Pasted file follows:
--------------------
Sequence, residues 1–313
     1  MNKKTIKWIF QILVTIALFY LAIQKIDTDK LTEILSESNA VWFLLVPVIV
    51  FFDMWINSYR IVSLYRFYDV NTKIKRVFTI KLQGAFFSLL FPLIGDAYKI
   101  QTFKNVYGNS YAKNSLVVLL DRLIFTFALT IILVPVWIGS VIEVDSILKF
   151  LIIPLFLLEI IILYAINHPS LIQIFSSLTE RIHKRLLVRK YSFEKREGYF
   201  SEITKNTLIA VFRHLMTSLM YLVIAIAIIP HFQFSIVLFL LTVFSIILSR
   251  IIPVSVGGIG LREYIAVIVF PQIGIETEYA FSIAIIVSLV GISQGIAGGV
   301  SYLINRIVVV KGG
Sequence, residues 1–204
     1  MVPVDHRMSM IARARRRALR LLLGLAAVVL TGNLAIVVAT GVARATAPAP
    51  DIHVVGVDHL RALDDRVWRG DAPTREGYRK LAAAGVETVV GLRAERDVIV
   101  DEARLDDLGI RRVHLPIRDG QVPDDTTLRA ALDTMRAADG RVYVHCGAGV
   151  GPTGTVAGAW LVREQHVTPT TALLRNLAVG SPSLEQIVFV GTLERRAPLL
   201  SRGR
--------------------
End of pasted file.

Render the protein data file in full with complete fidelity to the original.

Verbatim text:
Sequence, residues 1–313
     1  MNKKTIKWIF QILVTIALFY LAIQKIDTDK LTEILSESNA VWFLLVPVIV
    51  FFDMWINSYR IVSLYRFYDV NTKIKRVFTI KLQGAFFSLL FPLIGDAYKI
   101  QTFKNVYGNS YAKNSLVVLL DRLIFTFALT IILVPVWIGS VIEVDSILKF
   151  LIIPLFLLEI IILYAINHPS LIQIFSSLTE RIHKRLLVRK YSFEKREGYF
   201  SEITKNTLIA VFRHLMTSLM YLVIAIAIIP HFQFSIVLFL LTVFSIILSR
   251  IIPVSVGGIG LREYIAVIVF PQIGIETEYA FSIAIIVSLV GISQGIAGGV
   301  SYLINRIVVV KGG
Sequence, residues 1–204
     1  MVPVDHRMSM IARARRRALR LLLGLAAVVL TGNLAIVVAT GVARATAPAP
    51  DIHVVGVDHL RALDDRVWRG DAPTREGYRK LAAAGVETVV GLRAERDVIV
   101  DEARLDDLGI RRVHLPIRDG QVPDDTTLRA ALDTMRAADG RVYVHCGAGV
   151  GPTGTVAGAW LVREQHVTPT TALLRNLAVG SPSLEQIVFV GTLERRAPLL
   201  SRGR